"The descent beckons / as the ascent beckoned.", says Williams at the beginning of his final phase, and he means by this a descent into memory, a descent into his own inner depths, wherein he finds compensation for the increasingly disturbing poverty of that which is revealed by the senses. Like Wordsworth at the Simplon Pass, Williams reaches a point at which the external world no longer seems to provide an adequate correlative for his desires and expectations. His only recourse is to turn inward, as Wordsworth does, in search of satisfactions which the outward world apparently denies. The reasons for this change of direction are, in Williams' case, fairly obvious: the heart attack in 1948, the death of his mother in 1949, and, most spectacularly, the series of crippling strokes in 1951 and 1952 that almost completely knocked him out, paralyzing his right arm and seriously impairing his speech and eyesight. At this most critical time in his life, when the light of sense was almost permanently extinguished, he was forced to acknowledge "what we cannot accomplish, what // is denied to love, / what we have lost in the anticipation." Up to this point, his lordship over the facts had never been seriously threatened; he had simply appropriated whatever he wanted, bending it to his will like a god. Now the whole world seemed to be threatened with dissolution. The facts were becoming recalcitrant, inimical. They were "the sorry facts," betokening "ruin for myself / and all that I hold / dear," and the question was, what to do about it, how to respond. It was a genuine crisis for Williams' idealism, but he met it characteristically and, as it turned out, successfully by using the facts as an impetus to his own thinking. The drama of consciousness--the oyster's fretting over the grain of sand--remained just as important as it had been, only now it began to appear as a topic worthy of contemplation in its own right. Indeed, Williams began to display it more directly in his poetry than ever before, as he came to realize that the process of constructing answers to the problems posed by death and dissolution was itself the answer he was seeking.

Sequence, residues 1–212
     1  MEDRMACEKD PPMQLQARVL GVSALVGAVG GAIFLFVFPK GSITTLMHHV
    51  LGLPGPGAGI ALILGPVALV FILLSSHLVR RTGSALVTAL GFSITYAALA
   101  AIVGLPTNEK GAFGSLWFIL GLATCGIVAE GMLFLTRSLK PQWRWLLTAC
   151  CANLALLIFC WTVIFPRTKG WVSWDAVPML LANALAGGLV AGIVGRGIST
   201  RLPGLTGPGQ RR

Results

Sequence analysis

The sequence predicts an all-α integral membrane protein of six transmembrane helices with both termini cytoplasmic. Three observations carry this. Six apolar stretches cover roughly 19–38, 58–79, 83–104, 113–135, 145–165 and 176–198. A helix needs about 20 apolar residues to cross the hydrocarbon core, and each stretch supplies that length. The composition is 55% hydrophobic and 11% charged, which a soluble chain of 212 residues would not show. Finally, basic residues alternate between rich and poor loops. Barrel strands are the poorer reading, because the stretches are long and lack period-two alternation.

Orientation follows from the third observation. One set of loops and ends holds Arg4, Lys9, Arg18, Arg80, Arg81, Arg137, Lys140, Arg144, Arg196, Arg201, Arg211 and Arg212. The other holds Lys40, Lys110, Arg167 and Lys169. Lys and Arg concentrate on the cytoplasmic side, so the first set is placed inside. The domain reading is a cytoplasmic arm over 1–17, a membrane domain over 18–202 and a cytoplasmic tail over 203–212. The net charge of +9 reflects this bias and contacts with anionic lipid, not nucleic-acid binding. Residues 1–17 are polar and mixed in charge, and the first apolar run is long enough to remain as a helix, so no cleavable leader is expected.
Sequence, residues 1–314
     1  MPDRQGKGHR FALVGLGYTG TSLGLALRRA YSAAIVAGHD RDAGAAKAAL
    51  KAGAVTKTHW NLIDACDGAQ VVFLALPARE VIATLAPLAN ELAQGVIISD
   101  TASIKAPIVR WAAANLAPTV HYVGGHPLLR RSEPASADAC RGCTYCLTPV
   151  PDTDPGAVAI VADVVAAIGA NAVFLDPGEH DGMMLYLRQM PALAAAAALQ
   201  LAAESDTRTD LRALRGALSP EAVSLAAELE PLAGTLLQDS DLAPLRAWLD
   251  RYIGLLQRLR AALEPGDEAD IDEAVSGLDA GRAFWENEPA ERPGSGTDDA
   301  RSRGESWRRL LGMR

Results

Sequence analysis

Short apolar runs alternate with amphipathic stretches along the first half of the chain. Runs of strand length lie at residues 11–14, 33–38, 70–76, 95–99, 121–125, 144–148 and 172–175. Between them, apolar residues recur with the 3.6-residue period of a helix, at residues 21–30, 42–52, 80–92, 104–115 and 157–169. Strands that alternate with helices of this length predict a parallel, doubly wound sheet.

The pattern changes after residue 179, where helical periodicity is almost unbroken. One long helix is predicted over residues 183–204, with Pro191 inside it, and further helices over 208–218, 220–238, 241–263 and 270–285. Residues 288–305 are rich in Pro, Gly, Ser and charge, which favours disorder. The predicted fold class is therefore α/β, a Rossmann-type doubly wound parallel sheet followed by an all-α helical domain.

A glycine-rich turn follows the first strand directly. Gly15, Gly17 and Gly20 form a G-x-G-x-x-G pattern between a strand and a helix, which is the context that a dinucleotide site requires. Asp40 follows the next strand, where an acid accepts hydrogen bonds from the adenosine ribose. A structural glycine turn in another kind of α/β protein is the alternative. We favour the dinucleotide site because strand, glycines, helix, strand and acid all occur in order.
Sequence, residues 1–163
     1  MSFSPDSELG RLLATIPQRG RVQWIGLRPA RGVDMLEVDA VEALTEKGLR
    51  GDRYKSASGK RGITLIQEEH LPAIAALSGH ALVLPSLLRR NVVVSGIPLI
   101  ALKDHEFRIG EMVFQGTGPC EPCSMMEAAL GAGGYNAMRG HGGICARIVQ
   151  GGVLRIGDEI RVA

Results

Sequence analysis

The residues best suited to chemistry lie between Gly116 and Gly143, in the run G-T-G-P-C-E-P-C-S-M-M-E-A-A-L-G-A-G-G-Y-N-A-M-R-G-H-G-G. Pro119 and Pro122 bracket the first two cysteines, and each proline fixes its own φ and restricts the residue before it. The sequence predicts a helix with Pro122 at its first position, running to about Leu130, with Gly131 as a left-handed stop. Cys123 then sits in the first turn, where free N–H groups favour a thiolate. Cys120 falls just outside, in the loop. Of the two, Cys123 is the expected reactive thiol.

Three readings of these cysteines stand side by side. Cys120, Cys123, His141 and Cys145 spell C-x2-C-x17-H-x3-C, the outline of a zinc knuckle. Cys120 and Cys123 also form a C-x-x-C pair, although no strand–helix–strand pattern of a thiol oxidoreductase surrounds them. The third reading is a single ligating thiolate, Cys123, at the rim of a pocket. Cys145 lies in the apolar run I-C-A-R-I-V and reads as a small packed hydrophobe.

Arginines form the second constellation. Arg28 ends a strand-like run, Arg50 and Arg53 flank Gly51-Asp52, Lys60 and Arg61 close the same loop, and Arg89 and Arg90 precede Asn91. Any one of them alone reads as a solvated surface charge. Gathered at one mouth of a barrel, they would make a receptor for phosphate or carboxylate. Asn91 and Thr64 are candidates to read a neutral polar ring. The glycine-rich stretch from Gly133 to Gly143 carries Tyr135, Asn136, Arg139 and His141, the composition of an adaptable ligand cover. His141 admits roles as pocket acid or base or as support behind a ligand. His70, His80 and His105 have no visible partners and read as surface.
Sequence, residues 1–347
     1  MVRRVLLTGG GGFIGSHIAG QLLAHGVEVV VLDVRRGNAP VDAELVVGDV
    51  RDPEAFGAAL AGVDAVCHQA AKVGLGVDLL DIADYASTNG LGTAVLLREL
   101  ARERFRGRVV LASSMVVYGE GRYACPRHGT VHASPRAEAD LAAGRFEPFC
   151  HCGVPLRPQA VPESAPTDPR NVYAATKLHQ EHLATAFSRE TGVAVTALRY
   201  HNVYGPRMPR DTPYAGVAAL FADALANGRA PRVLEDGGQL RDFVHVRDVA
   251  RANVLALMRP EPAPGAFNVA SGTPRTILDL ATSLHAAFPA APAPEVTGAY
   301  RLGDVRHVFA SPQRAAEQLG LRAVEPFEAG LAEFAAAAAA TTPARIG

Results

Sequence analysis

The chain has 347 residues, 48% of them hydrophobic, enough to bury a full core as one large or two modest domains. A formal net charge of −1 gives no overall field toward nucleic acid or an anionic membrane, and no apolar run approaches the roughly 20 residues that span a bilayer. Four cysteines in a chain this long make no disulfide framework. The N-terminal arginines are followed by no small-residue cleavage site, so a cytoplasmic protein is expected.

"The Descent" establishes a pattern often repeated in Williams' later poetry; Williams takes the facts as he finds them and interprets them in such a way as to give them a new, more beneficent character. The facts in themselves are neither disguised nor altered, but Williams makes it possible for us to see them in a new way and to give them new names. As a result, the problems they pose appear to have been dissolved, while Williams himself appears to have been elevated to a life of the spirit in which he is inwardly more secure than ever before. . . .
In "The Descent" Williams finds a similar way of looking at defeat and loss that enables him to see those negative experiences as positive ones with implications not yet "realized." For example, it occurs to him, as it also occurred to Wordsworth in an analogous predicament, that the compensation for being dispossessed of the world of the scenes is to be repossessed of it as it exists in the mind, stored in memory. . . .
When the "perishable signs" are destroyed, when the forms of things are shattered (including the forms of our own bodies), then "the permanent shines out for the first time clearly" and "we see at last that love is not anything mortal." In "The Descent," the truth of this prophetic observation is simultaneously revealed and reasserted. . . .
From William Carlos Williams And Romantic Idealism. Copyright © 1984 by Brown University.